You need to enable JavaScript to run this app.
Murphy ’10 Remembers Deerfield Community
Emmy Murphy '10 Contributing Writer
October 14, 2014

During the summer after my freshman year at Deerfield, I staged a protest. I sat my parents down and told them that I would not be returning to the Pocumtuck Valley for a second year. When asked why, I flatly responded that I hated everyone. “Oh really,” my Dad retorted in sarcastic disbelief, “you hate every single person?” a comment that only sparked further outrage and an even more resolute decision on my part to not return. Luckily, my parents, who always seem to be right in the most frustrating fashion, didn’t let me give up on Deerfield. Even when faced with militant silent treatment, three months’ worth of door slamming and profuse sobbing throughout the entire two hour drive back to school in September, their response remained unchanged: I would be spending the next three years at Deerfield.

Almost eight years later, it seems laughable that I was ever unhappy at school, as I often reflect with nostalgic pleasure on my high school experience and am in constant communication with many of the friends I made during this time. However, through recent conversations with my younger sister, now a senior at DA, I am reminded of the difficulties of finding yourself and growing into an adult while far from home and under overwhelming pressure. Reflecting on my plea after freshman year to escape and return to my cozy day school with childhood friends and constant familial support reminds me of exactly how and why I felt utterly unequipped to navigate the throes of boarding school.

One of the knocks against Deerfield from an outsider’s perspective is its elitism. One of the knocks against Deerfield from an insider’s perspective is its male elitism. This deep-rooted, male-dominated culture was something I loved to complain about for sport with my friends, and still discuss with my family on a regular basis, as my dad and two sisters are all alums or soon-to-be alums (fingers crossed!). We poke fun at my dad for having vehemently opposed co-education, only to send his three daughters here. We also laugh in a semi-horrified manner when my little sister informs us that Varsity Softball wears old JV boys’ football uniforms. I love to talk about taking an unheated green machine to a Varsity Field Hockey game in the bitter cold of November, while boys’ football took two luxurious coach buses to their game.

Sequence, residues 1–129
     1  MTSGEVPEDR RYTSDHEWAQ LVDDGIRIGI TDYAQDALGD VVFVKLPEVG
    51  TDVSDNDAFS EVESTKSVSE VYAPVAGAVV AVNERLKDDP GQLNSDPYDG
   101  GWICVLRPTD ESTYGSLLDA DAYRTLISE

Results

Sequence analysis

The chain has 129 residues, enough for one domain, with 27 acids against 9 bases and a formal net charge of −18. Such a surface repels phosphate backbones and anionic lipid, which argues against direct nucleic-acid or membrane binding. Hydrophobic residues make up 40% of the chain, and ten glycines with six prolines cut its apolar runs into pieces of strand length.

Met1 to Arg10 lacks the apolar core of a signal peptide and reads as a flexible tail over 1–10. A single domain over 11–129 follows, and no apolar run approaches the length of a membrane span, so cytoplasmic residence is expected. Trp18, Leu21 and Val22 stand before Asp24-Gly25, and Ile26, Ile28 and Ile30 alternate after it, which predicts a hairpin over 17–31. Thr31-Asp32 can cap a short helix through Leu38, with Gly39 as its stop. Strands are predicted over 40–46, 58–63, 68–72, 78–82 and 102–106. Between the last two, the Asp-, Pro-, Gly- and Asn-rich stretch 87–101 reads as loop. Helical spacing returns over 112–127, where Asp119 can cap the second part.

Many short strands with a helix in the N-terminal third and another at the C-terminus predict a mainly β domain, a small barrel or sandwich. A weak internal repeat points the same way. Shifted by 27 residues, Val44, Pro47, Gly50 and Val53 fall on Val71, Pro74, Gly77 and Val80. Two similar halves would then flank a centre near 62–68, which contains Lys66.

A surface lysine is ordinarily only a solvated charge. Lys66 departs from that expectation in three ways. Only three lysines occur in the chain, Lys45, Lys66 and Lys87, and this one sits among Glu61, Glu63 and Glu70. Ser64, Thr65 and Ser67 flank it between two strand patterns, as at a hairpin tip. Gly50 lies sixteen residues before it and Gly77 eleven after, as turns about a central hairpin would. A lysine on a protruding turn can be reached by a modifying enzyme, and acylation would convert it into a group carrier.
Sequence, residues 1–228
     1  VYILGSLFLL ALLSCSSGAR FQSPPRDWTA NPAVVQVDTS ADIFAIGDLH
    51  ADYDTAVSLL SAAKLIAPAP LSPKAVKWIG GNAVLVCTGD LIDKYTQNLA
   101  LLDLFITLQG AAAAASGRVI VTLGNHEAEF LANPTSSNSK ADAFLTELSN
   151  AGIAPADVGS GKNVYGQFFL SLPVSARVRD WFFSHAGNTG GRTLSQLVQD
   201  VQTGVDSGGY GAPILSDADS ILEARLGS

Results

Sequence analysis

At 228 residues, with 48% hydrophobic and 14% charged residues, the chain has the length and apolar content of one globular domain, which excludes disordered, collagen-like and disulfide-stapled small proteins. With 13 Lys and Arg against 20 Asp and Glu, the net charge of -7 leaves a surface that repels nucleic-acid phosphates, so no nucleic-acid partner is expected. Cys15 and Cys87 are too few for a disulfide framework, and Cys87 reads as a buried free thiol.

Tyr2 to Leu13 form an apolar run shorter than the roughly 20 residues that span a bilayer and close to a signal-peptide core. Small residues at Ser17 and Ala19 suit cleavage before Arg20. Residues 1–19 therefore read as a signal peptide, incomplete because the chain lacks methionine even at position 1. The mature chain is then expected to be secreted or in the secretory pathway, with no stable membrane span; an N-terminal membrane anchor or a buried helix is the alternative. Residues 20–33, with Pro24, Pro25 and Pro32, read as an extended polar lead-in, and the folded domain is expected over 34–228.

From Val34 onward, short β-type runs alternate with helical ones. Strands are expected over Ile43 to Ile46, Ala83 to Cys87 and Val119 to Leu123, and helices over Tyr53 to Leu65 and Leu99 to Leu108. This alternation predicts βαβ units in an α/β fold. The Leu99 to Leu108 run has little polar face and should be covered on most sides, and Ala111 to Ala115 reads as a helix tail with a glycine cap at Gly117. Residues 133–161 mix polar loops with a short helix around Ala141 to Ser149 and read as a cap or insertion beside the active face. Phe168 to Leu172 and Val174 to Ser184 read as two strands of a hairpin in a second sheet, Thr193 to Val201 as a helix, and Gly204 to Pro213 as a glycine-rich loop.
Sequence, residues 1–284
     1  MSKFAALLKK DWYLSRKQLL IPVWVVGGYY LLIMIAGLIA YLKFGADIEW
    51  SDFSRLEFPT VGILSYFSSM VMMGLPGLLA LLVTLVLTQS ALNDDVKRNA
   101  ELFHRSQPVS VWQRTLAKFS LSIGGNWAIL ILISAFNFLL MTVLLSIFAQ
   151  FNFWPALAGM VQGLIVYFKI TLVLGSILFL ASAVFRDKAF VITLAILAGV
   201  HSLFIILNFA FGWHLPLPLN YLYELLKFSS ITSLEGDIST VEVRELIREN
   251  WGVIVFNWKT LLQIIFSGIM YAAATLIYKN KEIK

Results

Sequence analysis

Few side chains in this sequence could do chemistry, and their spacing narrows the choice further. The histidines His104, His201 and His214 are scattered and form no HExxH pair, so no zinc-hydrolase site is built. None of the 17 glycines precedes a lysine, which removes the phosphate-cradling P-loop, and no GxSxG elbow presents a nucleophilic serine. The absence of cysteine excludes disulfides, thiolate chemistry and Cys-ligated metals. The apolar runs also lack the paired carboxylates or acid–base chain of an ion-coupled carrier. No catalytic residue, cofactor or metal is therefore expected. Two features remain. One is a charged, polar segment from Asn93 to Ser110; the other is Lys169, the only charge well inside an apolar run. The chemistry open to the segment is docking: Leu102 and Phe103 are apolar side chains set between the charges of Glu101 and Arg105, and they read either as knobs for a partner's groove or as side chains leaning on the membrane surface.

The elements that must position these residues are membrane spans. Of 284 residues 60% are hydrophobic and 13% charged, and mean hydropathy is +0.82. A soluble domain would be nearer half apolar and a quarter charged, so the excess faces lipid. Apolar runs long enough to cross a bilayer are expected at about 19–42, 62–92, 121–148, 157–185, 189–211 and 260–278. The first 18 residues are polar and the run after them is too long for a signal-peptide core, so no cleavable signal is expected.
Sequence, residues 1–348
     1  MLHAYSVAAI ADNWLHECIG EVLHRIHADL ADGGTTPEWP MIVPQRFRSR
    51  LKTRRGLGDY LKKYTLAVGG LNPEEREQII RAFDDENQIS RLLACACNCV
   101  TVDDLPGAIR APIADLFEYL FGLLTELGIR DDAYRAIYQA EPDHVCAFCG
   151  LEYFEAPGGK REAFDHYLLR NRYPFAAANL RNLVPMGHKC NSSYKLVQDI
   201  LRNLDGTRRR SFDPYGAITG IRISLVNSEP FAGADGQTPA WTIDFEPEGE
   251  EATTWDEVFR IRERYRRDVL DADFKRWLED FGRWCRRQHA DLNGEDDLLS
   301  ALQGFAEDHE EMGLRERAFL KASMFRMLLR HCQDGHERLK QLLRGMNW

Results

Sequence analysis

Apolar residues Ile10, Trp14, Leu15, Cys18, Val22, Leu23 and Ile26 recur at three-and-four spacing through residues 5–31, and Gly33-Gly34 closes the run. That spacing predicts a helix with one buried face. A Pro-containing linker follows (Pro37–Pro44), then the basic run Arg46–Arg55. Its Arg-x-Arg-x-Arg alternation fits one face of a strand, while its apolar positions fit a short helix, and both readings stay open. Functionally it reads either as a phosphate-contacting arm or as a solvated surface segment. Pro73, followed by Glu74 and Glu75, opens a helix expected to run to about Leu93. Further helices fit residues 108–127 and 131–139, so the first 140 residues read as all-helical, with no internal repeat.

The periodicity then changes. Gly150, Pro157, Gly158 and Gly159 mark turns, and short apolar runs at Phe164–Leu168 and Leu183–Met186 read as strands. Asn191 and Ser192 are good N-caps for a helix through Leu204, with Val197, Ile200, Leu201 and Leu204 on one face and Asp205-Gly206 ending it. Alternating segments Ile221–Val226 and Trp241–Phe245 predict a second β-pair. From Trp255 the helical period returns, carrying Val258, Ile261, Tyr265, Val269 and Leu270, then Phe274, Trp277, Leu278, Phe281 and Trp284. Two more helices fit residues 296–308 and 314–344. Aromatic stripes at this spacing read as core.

When I arrived freshman year, I let this entrenched aspect of Deerfield culture intimidate me. I also let every other aspect of the social scene wear me down until I was ready to give up on a place I had wanted to be part of for my entire life. When I returned sophomore year, however, I decided that if I was going to have to endure the hell that I had made Deerfield out to be in my angst-ridden teenage mind, then I would at least do it on my own terms. I stopped focusing on social hierarchy and groups; I befriended students older and younger than me because I liked who they were as people and not because they were ‘cool’ or ‘popular.’ I embraced my weirdness and reveled in other people’s quirks. Most importantly, through this new lens, I began to appreciate Deerfield and everyone there instead of condemning its social politics and bitterly denouncing my peers. As I felt more connected to the people around me, I found myself rooting for them, happy for their successes and in turn happier myself.